Have you suffered a work injury or a workplace accident? You might be able to file a third-party claim. It can help you get compensation for your medical bills, wages you've lost, and pain and suffering - which aren't covered by workers' compensation, at least not entirely.
Our experienced attorneys will help you understand the process. Here's everything you need to know.
Summary of the Key Findings
- If you’ve been injured at work or involved in a workplace accident, you're entitled to workers' compensation benefits.
- If the incident was a result of third-party's negligence, you're eligible for a third-party lawsuit.
- Connect with a reputable law office before filing a claim to determine the best course of action.
What Does a Third-Party Lawsuit Mean?
A third-party lawsuit is a type of personal injury claim. It can be filed by an employee who suffered a work-related injury or was involved in an accident while on duty.
The claim is filed against a third party—a negligent entity or person that isn't an employer or employee's co-worker. We'll list some examples of third parties below.
For now, let's go through the main differences between a third-party and a workers' compensation claim:
- Different defendants. Workers' comp claims can be filed only against an employer or co-workers. Third-party claims can only be filed against other entities or persons.
- Eligibility. As a worker, you're always eligible to get workers' compensation if you've been injured on the job. However, to win a third-party lawsuit, you'll need to prove that your injury is a direct result of third-party's actions or negligence.
- Reimbursements. Workers' comp covers only a percentage of lost wages and medical bills. A third-party lawsuit can reimburse your total wages and medical expenses and even provide compensation for pain and suffering.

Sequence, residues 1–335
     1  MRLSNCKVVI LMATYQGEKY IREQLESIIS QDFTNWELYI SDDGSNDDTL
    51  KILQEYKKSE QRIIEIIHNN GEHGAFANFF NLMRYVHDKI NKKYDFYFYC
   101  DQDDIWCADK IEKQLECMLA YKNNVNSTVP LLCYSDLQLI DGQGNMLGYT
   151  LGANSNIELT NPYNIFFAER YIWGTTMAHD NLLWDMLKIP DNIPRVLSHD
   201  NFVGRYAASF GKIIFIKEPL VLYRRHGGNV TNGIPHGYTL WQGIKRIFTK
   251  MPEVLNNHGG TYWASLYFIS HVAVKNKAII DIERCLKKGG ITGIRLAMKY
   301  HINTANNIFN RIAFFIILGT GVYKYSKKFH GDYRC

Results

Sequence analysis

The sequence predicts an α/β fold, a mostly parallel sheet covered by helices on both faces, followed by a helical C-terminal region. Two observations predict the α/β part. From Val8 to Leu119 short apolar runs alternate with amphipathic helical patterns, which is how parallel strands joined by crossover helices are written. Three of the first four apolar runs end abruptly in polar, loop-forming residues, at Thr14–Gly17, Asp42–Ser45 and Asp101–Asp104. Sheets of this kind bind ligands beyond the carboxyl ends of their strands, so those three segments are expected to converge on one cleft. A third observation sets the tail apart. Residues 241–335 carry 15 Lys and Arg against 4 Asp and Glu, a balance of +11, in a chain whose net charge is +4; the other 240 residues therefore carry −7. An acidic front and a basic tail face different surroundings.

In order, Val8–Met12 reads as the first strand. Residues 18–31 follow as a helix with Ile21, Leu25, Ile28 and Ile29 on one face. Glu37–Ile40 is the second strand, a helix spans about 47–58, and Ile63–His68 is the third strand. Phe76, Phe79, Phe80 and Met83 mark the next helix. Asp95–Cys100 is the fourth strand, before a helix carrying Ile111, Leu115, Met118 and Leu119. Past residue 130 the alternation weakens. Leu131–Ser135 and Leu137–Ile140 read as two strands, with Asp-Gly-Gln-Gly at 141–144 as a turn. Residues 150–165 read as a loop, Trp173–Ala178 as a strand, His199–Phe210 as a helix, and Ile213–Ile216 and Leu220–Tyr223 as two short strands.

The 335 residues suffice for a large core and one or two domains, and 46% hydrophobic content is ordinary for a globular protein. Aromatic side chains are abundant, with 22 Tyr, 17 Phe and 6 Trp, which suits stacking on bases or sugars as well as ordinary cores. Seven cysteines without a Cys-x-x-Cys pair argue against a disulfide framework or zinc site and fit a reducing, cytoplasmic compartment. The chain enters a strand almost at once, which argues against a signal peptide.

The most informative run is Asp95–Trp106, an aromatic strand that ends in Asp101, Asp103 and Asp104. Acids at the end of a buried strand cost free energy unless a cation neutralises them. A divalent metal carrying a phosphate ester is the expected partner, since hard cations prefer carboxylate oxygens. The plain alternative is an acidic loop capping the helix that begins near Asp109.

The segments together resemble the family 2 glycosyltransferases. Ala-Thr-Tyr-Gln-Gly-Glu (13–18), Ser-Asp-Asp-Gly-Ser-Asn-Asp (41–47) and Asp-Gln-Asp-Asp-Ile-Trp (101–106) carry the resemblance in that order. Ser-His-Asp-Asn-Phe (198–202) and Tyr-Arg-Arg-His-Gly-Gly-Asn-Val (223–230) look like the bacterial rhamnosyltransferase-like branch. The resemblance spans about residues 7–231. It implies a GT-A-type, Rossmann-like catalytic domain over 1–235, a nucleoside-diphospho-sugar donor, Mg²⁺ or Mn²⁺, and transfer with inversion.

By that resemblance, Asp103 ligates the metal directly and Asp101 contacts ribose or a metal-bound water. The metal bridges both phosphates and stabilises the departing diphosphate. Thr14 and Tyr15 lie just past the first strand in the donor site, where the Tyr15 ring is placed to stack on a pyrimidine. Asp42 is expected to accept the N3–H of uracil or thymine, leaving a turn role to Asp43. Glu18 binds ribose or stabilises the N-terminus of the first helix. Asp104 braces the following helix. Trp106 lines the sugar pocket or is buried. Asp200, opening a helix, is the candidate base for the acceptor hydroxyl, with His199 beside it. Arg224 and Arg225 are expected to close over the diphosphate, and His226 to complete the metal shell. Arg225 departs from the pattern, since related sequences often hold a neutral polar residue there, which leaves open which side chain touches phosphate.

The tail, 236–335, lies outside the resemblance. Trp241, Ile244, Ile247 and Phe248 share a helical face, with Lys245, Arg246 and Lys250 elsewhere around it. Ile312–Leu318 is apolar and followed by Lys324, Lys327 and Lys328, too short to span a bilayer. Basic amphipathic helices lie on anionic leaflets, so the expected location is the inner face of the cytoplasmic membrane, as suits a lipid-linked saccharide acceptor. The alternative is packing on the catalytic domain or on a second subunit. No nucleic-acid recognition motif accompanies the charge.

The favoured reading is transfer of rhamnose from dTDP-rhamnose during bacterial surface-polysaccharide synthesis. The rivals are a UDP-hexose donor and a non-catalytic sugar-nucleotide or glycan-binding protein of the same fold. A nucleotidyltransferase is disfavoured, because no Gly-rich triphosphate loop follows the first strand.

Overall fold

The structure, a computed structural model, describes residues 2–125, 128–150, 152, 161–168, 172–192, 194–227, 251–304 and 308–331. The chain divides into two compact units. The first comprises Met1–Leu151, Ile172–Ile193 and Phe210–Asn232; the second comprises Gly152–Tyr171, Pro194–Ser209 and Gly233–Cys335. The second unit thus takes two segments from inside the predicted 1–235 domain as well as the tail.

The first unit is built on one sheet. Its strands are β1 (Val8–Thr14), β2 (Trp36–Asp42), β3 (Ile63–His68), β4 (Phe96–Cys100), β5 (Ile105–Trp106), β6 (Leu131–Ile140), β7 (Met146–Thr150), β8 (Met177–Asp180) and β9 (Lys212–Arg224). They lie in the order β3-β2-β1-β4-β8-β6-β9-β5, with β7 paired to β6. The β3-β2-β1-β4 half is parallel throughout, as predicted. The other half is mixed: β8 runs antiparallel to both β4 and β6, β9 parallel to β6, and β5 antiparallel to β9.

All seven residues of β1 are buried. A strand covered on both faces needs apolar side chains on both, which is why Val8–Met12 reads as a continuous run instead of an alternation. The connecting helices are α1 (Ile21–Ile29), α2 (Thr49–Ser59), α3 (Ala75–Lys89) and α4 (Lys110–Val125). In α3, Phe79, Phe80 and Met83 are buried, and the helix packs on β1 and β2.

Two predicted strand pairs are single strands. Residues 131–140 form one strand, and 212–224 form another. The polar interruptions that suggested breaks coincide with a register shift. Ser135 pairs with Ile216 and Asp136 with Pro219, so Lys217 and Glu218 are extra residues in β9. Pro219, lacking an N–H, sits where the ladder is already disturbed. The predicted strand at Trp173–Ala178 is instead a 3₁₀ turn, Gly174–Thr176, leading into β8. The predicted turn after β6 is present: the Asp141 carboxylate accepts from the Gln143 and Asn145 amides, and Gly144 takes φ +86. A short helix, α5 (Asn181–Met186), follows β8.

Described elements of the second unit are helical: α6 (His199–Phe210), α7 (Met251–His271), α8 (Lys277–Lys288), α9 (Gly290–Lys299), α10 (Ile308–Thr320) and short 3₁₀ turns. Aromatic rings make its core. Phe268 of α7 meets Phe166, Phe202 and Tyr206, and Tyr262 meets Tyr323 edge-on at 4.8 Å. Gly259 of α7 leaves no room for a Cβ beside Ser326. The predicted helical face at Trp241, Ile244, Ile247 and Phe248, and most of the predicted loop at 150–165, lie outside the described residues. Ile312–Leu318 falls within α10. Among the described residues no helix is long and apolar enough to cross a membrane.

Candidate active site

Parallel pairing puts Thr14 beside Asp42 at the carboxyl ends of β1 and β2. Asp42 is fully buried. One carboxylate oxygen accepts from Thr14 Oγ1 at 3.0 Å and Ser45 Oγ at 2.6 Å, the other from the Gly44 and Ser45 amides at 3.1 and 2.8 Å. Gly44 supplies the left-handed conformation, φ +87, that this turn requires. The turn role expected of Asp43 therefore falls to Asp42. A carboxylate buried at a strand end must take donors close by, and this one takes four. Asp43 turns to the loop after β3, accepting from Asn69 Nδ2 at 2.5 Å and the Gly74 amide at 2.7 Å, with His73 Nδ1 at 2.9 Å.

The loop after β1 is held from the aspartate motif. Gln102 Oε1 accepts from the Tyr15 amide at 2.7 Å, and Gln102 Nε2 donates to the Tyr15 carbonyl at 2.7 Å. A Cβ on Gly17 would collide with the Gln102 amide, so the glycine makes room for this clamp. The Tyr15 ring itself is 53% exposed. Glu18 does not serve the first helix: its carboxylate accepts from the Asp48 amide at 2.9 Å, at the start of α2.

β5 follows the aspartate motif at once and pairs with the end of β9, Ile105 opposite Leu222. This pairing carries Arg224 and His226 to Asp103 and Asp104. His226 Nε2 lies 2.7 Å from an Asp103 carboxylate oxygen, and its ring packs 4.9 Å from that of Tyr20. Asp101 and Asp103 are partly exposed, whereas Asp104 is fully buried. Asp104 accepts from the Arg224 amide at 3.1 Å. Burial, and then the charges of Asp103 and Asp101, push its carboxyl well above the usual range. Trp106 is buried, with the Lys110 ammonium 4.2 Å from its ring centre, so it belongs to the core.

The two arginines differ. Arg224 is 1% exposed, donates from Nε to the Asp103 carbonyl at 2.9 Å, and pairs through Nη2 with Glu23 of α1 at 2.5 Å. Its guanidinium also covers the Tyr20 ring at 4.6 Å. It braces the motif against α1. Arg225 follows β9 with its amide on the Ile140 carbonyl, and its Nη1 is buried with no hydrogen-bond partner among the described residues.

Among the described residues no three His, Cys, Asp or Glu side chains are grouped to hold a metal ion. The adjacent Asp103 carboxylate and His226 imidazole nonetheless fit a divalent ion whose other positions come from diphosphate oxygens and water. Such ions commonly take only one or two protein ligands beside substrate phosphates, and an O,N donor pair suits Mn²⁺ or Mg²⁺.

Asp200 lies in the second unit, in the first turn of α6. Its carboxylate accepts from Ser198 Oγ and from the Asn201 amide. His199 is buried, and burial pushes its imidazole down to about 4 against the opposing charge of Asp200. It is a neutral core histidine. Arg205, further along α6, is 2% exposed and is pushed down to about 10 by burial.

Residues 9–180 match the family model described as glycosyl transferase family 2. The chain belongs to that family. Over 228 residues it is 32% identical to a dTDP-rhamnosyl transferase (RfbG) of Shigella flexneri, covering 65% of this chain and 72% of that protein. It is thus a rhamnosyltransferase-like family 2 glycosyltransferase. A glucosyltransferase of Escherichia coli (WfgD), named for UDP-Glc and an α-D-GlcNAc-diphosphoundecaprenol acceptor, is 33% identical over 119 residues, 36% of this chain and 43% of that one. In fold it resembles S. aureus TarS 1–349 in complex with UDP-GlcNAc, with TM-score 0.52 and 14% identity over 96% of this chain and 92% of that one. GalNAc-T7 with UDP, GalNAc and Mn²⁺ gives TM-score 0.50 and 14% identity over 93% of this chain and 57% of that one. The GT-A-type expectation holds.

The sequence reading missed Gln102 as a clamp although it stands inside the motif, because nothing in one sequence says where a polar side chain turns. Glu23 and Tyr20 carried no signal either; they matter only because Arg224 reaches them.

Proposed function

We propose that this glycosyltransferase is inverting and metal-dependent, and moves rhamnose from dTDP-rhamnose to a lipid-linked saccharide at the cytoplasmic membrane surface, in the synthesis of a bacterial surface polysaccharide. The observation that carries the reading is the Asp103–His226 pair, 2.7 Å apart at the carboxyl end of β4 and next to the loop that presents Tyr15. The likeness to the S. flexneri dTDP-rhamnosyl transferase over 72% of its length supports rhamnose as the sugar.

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Examples of Third Parties
- Manufacturers of defective products
- Maintenance firms
- Security companies
- General contractor
- Other contractors on a construction site
- Property owner
Note that you won't be filing a claim against a third party but rather their insurance company.
Common Cases In Which Victims Are Reimbursed
However, determining which entity or person should be held accountable for the injuries suffered by a plaintiff isn't always easy. It may require more thorough research.
For that reason, you should collect as much evidence as you can.
Hold onto your medical records. Find photographs or video footage that could help you prove your claims. And be prepared to be interviewed by suitable experts.
Should You File a Third-Party Lawsuit?
So, the first thing you want to figure out is who was at fault—the employer or another entity or person?
For example, your employer might have been aware that a machine that caused your injuries was faulty.
If he didn't take appropriate action, the incident is his fault.
In that case, a third party can't be held responsible for work injuries.
Consider other factors, too:
- How much compensation you'd be able to recover
- The price and time you'll spend on your lawsuit
- Whether and how much you'll have to pay back to workers' comp
So, before you go ahead and file a personal injury claim, seek out legal advice from an experienced lawyer.
How Can Third-Party Lawsuits Help the Victim?
Third-party lawsuits can help the victim recover the total amount of lost wages and medical expenses and receive punitive damages for pain, suffering, and mental anguish.
Connect With a Law Firm You Can Trust
We aim to create a transparent and fair attorney-client relationship you can rely on.
Contact S&C law firm today to determine whether this type of lawsuit is right for you and how our experienced attorneys can help.